I was raised by a strong Mom (and grandmother, too) who was encouraged by my Dad to go to nursing school when I was 10 – not a grad program, but certainly better than being a secretary for a Pfizer salesperson. I never knew anything about a gender disparity until I got to university, although my highly-technical, chemistry-heavy program had women kicking our asses most of the time and our valedictorian was a woman. The most successful person from my pharmacology grad program is a woman who had such high aspirations that she leads a $30 million/yr health consulting business in NYC – lab was too ‘small potatoes’ for her. One of my best friends as a postdoc had Science papers and was recruited by Duke and Cornell but preferred a large Midwest state school where her first R01 has been renewed.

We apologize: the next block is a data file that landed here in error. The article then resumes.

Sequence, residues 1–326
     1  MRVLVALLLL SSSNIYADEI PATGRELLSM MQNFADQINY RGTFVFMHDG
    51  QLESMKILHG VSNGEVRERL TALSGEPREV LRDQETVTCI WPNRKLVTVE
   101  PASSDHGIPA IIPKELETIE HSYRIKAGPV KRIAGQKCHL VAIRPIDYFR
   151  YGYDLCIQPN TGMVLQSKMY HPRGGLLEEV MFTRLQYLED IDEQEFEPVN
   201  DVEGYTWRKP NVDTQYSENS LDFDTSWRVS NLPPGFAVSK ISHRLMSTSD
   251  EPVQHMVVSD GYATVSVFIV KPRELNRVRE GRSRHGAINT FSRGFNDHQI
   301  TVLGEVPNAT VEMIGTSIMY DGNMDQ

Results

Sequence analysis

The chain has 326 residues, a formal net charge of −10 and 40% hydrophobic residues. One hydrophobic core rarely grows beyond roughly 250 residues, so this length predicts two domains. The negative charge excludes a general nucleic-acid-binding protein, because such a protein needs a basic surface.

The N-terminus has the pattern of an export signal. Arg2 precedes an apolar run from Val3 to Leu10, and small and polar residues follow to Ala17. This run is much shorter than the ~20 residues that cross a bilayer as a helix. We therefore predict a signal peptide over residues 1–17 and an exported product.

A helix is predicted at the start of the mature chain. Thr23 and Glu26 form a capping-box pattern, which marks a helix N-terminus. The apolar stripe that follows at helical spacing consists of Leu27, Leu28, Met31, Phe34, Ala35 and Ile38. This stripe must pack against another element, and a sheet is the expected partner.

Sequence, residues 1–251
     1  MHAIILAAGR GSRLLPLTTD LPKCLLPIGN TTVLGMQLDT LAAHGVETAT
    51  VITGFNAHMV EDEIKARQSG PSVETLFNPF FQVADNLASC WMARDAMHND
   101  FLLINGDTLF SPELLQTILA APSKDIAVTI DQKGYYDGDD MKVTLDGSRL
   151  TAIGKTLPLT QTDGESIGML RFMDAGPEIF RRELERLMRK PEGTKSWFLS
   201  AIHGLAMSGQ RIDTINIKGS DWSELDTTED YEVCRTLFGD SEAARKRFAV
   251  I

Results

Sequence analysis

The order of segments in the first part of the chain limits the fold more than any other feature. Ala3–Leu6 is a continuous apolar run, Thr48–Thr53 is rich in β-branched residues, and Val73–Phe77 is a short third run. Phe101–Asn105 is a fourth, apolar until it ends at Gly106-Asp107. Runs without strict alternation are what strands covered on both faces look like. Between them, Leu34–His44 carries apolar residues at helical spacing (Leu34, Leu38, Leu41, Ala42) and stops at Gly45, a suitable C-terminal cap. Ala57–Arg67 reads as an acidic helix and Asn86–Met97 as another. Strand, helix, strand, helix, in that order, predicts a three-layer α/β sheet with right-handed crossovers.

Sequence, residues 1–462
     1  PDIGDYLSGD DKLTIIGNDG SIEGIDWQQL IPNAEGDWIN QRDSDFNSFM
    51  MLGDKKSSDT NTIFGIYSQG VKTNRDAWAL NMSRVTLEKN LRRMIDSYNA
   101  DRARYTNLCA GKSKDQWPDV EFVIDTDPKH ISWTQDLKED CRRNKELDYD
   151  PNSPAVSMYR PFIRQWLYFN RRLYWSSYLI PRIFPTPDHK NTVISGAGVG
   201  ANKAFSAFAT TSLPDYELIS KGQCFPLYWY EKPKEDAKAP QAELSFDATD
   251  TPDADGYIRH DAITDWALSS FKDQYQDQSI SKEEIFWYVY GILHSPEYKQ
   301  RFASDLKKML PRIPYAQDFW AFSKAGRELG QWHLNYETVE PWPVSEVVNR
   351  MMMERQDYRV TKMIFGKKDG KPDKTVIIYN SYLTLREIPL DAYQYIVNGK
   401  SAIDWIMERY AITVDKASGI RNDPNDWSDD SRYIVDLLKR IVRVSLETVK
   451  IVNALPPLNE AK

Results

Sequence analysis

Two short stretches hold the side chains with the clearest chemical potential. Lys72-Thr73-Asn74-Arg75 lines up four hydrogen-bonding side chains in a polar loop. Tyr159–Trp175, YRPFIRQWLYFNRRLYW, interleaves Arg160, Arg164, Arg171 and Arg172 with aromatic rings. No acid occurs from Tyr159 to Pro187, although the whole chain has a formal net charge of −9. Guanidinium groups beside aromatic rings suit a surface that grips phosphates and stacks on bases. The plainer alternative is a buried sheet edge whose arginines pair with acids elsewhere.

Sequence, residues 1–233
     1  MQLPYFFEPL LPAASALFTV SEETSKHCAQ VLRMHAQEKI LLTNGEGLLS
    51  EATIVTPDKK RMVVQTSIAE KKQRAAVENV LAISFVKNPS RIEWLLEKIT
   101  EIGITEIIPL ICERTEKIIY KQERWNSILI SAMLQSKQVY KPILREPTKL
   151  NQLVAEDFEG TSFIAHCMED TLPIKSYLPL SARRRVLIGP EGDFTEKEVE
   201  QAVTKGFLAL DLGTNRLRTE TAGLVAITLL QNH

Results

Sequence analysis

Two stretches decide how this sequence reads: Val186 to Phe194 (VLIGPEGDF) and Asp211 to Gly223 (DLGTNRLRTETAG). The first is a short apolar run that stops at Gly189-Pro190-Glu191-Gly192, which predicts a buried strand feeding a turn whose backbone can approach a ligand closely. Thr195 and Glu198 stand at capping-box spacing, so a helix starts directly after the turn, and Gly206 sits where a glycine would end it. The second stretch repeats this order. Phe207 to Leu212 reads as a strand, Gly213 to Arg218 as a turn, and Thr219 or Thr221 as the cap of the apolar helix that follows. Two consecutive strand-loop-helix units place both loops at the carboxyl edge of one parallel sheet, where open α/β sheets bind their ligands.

Mine are all anecdotes, of course, but I have grown up with excellence among women my entire life and career. Hell, I married one of the smartest people I know, who went to schools that would’ve laughed at my applications if I had the guts to apply. Now that we have a 3.5 y.o. daughter, I’ll do all I can to be sure a similar culture exists for her. And, as for the one open slot I’ll be having this summer due to my postdoc getting a tenure-track faculty position, well, we’re always accepting applications…and my history tells me 3 to 1 that a woman will be my top candidate.

  6. #6 BotanicalGirl
    March 8, 2006